The bottom right cover was sent March 1919. It has a cancel from a Royal Army Medical Corps Hospital Ship anchored off Archangel. The address is here in the heart of Toronto, at near Wellesley Streets and Sherbourne. I did a quick record check for the recipient and came up empty. A deep dive into Toronto churches would be required to find more information.
Despite their obvious faults, these 3 covers are still highly collectable.
A few resources to check out
If you’d like to learn more about the North Russian Expedition aka the Siberian Expedition, hop over to the University of Victoria, BC website on this chapter of Canadian history. It’s titled Canada’s Siberian Expedition.
This brief trailer is also worth a look. It packs a lot of info into a short clip.
If you’re interested in Canadian military related stamps and covers, check out this article I published last month.
The original Alcock and Brown article was published in 2008, when I purchased the Daily Mirror newspaper on display here. After 12 years, and the 100th anniversary of the flight, it was time to overhaul the post with more scans from the paper & links to interesting pages on the historic flight. I’ve also included a new section on stamps celebrating flight.
Alcock and Brown fly into history
In 2008, I acquired a piece of pioneer aviation ephemera that is the centre piece of my modest collection – a June 16, 1919 Daily Mirror newspaper, documenting Alcock and Brown’s flight:
The Daily Mirror’s account of Alcock & Brown’s flight, full of daring and breathless coverage
101 years ago, pilot Capt. John Alcock and navigator Lt Arthur Brown flew into history with the world’s first non-stop Atlantic flight. In this age of jets, it’s difficult to imagine how awe inspiring this flight was. It was one of those great turning points in history.
Daily Mail announcement
In 1913, Daily Mail £10,000 reward for the first successful Atlantic flight
The rules were basic:
the competition was open to all nationalities
the flight had to be nonstop, any stops between continents could be made on the water only
take place between any point in Great Britain or Ireland and Canada, Newfoundland, or the US
the trip had to be under 72 hours
Entrance fee of £100 must be paid
Each entrant could only use one aircraft and it was to be marked prior to take off
WW1 halted attempts, but when the war ended, the race was on. Teams were quickly organized to compete for the prize and honour of being the first. The main contenders were:
Australian legend Harry Hawker and Mackenzie-Grieve flying a Sopwith Atlantic
Frederick Raynham and C. F. W. Morgan in a Martinsyde Raymor single engine aircraft
Maj. Herbert Brackley, Adm. M. Kerr, Maj. T. Gran, F. Wyatt, H. A. Arnold & C C Clements flying a 4-engine converted Handley Page bomber
Alcock and Brown in a Vimy Vickers
Hawker and Mackenzie-Grieve who came close to succeeding, crashed into the ocean around the midway point on May 19. Raynham and Morgan set off May 18 and crashed on take-off. Raynham was unhurt, but Morgan lost an eye. Their chance was over as well.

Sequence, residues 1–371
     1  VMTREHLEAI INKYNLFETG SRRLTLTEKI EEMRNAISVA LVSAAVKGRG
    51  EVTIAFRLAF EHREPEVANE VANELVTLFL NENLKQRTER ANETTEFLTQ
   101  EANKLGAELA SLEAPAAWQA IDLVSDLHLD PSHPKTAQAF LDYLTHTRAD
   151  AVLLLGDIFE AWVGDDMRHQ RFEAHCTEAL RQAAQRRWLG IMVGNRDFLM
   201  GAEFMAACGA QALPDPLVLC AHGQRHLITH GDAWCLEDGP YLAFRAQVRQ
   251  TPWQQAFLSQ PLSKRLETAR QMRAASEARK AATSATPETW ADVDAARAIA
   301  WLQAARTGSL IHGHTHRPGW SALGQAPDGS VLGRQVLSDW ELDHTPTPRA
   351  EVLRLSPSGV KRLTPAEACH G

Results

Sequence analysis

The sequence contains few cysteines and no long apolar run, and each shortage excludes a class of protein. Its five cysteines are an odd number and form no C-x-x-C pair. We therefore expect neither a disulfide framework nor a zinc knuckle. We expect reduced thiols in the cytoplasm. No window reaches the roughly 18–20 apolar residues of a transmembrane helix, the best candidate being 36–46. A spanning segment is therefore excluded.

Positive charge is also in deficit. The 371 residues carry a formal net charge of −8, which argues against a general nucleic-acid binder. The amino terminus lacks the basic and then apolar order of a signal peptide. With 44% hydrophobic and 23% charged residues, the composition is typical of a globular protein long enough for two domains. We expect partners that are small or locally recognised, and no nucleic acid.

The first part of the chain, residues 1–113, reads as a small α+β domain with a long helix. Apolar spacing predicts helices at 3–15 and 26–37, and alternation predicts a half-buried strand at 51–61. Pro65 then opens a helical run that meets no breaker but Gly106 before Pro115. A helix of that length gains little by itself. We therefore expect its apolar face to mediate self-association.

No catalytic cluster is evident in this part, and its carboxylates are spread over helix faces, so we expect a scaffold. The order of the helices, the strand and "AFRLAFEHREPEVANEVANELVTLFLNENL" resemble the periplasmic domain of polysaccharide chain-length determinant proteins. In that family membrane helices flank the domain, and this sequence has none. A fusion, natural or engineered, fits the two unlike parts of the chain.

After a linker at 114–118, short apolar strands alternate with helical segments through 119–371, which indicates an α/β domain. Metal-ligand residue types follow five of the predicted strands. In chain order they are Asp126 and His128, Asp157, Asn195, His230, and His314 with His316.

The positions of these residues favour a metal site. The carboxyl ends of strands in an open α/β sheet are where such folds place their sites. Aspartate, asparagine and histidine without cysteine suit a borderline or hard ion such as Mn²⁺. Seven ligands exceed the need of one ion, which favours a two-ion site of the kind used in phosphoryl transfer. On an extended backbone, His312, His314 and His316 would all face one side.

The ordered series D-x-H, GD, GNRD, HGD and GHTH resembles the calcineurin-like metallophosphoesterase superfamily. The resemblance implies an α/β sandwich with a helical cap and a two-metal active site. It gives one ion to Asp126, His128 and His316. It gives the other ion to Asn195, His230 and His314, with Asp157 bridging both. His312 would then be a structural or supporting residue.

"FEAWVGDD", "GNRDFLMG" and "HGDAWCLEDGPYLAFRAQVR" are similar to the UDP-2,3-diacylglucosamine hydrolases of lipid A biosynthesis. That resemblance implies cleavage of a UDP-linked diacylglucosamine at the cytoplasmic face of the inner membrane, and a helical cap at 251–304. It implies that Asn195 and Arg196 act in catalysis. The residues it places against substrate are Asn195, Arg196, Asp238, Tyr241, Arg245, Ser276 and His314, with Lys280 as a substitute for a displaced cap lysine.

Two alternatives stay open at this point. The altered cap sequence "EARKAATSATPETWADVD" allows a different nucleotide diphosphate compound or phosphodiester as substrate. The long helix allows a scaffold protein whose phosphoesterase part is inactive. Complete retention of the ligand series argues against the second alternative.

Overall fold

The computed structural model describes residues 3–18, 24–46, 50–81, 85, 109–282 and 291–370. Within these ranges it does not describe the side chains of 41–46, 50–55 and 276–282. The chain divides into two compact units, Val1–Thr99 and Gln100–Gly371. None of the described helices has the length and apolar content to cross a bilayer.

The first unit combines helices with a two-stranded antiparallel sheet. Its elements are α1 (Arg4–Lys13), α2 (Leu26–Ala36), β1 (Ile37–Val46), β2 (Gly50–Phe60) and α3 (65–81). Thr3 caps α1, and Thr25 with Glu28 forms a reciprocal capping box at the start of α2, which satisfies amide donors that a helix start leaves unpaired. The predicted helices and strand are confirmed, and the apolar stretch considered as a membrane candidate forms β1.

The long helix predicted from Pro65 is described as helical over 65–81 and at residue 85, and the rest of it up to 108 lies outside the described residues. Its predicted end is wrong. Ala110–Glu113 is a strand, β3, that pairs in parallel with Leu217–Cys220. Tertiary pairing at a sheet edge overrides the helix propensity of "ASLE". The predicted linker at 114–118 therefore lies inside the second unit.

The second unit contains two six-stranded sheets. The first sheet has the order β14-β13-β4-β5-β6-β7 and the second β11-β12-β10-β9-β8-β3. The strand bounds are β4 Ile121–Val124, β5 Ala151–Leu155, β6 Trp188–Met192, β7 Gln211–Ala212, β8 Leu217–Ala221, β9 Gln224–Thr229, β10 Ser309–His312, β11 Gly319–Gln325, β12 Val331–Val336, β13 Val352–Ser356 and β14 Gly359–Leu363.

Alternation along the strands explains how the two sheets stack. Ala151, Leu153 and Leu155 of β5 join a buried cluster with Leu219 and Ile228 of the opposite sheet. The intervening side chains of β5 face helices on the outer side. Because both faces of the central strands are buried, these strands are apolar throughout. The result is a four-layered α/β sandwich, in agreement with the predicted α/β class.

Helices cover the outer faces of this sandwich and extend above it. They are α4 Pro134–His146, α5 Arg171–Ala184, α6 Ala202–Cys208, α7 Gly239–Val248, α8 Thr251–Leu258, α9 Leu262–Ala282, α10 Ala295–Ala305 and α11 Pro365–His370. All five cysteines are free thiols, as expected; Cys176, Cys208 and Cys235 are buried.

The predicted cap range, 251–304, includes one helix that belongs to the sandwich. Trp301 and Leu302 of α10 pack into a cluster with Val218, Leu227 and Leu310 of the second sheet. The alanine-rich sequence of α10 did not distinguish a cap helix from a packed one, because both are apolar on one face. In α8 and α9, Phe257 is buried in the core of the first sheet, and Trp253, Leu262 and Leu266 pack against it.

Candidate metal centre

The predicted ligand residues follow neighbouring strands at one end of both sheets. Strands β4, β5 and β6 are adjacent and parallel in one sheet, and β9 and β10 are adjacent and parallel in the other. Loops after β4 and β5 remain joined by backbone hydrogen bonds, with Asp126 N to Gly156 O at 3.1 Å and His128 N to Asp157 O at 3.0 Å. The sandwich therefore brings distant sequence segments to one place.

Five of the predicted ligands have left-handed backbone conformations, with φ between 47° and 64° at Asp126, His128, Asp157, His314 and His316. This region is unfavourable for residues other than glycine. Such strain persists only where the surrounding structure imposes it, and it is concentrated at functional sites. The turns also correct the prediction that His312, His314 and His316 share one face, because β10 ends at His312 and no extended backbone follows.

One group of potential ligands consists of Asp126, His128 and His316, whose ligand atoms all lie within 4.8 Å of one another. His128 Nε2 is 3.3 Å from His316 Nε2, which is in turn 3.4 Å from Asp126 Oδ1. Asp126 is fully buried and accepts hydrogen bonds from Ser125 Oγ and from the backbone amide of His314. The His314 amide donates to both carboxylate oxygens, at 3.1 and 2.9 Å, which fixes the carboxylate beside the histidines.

The Brackley/Kerr team flew test flights around June 10th. During the test, an engine cooling issue arose, and the team was grounded while they waited on a radiator replacement to be installed.
Alcock and Brown in front of Vickers airplane 1919 credit: Library and Archives Canada
Alcock and Brown prepare for take off
Alcock and Brown’s Vickers Vimy being prepared for flight, much to the joy of Newfoundland locals
Alcock and Brown took off from Lester’s Field, St. Johns, Newfoundland June 14. They flew for 16 hours and 12 minutes. Their successful flight ended, with a crash into a bog in Clifden, Ireland June 15.
“We’ve had a terrible voyage … the wonder is we are here at all”
Put this into perspective, this was long before radar, satellites and in this case, no ship support to pluck them out of the water. If they crashed into the ocean, chances were, they would die. Although equipped with a wireless radio, they were unable to use it when it was damaged in the takeoff. They were alone, in all senses of the word.
A modified Vickers F.B. 27 Vimy was used to fly the 3,041km (1,890 miles) route. The Vimy was originally designed as heavy bomber but repurposed for long distance and civilian flights.
“[the Vimy] was specially built for the Atlantic flight. Its engines were two 3360-h.p. Rolls-Royce Eagles VIII; additional tanks increased its fuel capacity to 865 gallons and gave the aircraft a range of 2,440 miles.” pg. 10 The Vickers F.B.27 Vimy, Profile Publications No. 5.
Vickers “Vimy” aircraft of Captain John Alcock and Lieut. A.W. Brown taking off on trans-Atlantic flight, Lester’s Field – photo courtesy Canadian Archives
“We have had a terrible time”
The flight skirted disaster from the start. Shortly after their 1:42pm take-off, the electric generator propeller broke off, depriving them of heating, the cockpit intercom system, and the wireless radio for outside communications. Brown didn’t alert Alcock to the electric failure. Had he, the pilot would have aborted the flight:
Both Captain Alcock and Lieutenant Brown described their journey as a very trying one – fog clouds rain and wind all the way. Their altitude varied up to 13,000 ft., and they were unable at times to know whether they were flying upside down or not.